CyberSecurity Source | Spring 2023Cyber Security
Your exclusive access to cyber security news, tips and resources.
As technology continues to improve so do criminals’ tactics to scam people out of their hard-earned money. With some help from the AARP, we’ve detailed five emerging scams to be aware of. Let’s discuss what they are, how they work, and how to avoid falling victim to them:
- How it works: A scammer acts as an online love interest. Once trust is established, the fraudster presses the victim to purchase and send cryptocurrency (like Bitcoin or Ethereum) for any variety of reasons, such as the scammer needs a deposit to book an airline ticket for the victim to come “visit” – the ticket is never purchased, and the scammer is long gone.
- How to avoid: If it seems “too good to be true” it probably is, and never send money to somebody you’ve never met. Remember to scrutinize any investment opportunity, and always double check with your financial advisor.
Payday Loan Scam
- How it works: The criminal offers a fake payday loan to an individual in need; but, to get the “loan,” they must prepay an account creation fee. Once the “fee” is paid the individual will never get their “loan” and the thieves have already moved on to another target.
- How to avoid: Remember that if you didn’t reach out for a service, and somebody is reaching out to you first, it is more than likely a scam.
One-Time Password Scam
- How it works: Scammers utilize bots, or automated programs, to deceive people into sharing the two-factor authentication codes sent to them via text or email from financial institutions. The bot will make a robocall or send a text that appears to come from a bank, asking you to authorize a charge, then it asks you to enter the authentication code you’ve just been sent if the transaction isn’t yours. It’s actually the bot that’s trying to log into your bank account, and it wants the code that the bank sent to you as a precaution, so it can get in.
- How to avoid: Never share authentication codes, or provide other information, in response to an unsolicited phone call or text. Remember, your financial institution will never ask you to share authentication codes.
Student Loan Forgiveness Scam
- How it works: As the plan to forgive student loans faces an uncertain future in the courts, scammers are trying to take advantage of people who may not have heard it’s on hold. They’ve built fake application sites aimed at stealing applicants’ Social Security numbers and bank information, and sometimes they contact targets by phone, pressuring them into applying and charging a fee for their help.
- How to avoid: Go to the Department of Education’s website to keep track of the proposed forgiveness program’s status.
Check Washing Scam
- How it works: Criminals steal checks from mailboxes and wash them in chemicals to erase the original name and dollar amount, leaving a blank space they can fill in. This simple scam can change a $15 check to one for hundreds, if not thousands, of dollars.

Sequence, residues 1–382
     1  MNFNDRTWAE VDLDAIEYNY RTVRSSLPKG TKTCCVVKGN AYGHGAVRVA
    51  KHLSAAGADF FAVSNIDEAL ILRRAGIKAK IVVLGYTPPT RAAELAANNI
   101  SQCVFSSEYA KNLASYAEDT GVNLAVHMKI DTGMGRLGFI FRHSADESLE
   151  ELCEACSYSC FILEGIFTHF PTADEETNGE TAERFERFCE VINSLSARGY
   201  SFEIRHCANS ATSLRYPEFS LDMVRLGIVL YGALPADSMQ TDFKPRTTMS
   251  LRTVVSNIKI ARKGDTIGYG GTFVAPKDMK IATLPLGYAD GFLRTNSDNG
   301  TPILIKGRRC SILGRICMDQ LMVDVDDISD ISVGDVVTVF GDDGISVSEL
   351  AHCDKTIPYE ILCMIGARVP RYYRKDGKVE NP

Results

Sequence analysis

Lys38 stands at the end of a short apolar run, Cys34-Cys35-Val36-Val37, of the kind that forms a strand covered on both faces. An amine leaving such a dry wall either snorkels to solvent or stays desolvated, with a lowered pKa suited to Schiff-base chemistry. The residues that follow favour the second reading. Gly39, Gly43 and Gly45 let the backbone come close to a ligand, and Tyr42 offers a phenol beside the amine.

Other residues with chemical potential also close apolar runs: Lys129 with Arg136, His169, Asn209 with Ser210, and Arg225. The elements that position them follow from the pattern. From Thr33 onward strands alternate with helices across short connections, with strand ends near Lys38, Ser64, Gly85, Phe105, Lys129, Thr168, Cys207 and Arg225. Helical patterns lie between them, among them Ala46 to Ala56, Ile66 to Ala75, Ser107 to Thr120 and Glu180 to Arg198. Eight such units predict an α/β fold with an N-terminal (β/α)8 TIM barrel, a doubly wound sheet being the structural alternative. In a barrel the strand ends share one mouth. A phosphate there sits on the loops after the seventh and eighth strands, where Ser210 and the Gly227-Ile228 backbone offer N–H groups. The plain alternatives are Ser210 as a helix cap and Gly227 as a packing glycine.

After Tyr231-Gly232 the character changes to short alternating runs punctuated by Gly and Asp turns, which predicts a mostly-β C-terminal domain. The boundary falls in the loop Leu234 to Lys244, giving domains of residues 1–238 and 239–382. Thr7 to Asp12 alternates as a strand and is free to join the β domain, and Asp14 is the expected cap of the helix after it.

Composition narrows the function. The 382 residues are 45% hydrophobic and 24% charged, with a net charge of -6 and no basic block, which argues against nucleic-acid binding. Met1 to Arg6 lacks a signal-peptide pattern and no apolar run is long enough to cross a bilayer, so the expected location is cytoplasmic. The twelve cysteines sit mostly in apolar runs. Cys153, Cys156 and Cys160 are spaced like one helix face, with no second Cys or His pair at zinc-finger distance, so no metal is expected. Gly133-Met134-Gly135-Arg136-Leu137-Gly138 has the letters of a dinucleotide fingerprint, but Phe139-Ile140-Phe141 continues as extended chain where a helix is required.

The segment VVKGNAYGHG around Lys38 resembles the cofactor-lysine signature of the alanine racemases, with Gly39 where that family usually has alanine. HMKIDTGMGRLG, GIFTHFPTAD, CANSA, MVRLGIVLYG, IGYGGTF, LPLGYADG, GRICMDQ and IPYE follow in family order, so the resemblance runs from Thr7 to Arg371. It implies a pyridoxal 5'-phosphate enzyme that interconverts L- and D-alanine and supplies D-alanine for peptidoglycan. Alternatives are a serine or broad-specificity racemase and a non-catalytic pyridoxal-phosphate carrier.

- How to avoid: The U.S. Postal Service recommends depositing mail in public collection boxes before the last pickup of the day, so the check doesn’t sit longer than needed. At home, don’t leave mail in your mailbox overnight and have your mail held by the post office (or picked up by a friend or neighbor) if you’re going to be away.
While criminals impersonating government officials is certainly nothing new, scammers continue to find new ways to exploit unsuspecting victims. Because scams of this nature are built on the trust an individual has in federal agencies, here are some reminders of what our government does and does not do:
- The federal government will not call you out of the blue and ask for personal information. Remember: these agencies already have details like your Medicare and Social Security numbers.
- Any important correspondence from the federal government typically comes from the U.S. Postal Service.
- No government agency will begin a serious conversation with you through text, email, or social media.
- The government won’t reach out to offer you a federal grant. Grants require an application and are distributed for specific purposes.
- No government agency will ask you for an upfront payment before they disperse a benefit, grant, or refund.
- The government won’t suspend benefits from Social Security or Medicare because someone else misused your information.
- Federal law enforcement agencies will never press you to reveal personal information like a bank account number.
- Government agencies don’t take payments in the form of prepaid gift cards, wire transfers, or cryptocurrency.
As we continue to become more reliant on technology, it’s crucial to protect yourself online. Cybercriminals continue to find new ways to exploit individuals and steal sensitive information; however, there are easy ways to stay safe online:
- Use two-factor authentication, or 2FA, whenever possible. This method provides an extra layer of security by requiring a second form of authentication, such as a short code sent to your phone, in addition to an account password. Using this method makes it more difficult for hackers to access your accounts even if they have stolen your password.
- Keep the software on your phone, computer or tablet up to date. Installing the latest security patches and updates helps protect you from vulnerabilities scammers are exploiting.
- Be careful what information you share on public Wi-Fi networks. These networks, like the ones you find in coffee shops and airports, are often unsecured and can be hijacked by hackers. Avoid accessing sensitive information or logging into important accounts, like your bank, when connected to a public Wi-Fi network.
- Limit the amount of personal information your share on social media and review your privacy settings to make sure only trusted individuals can access your information.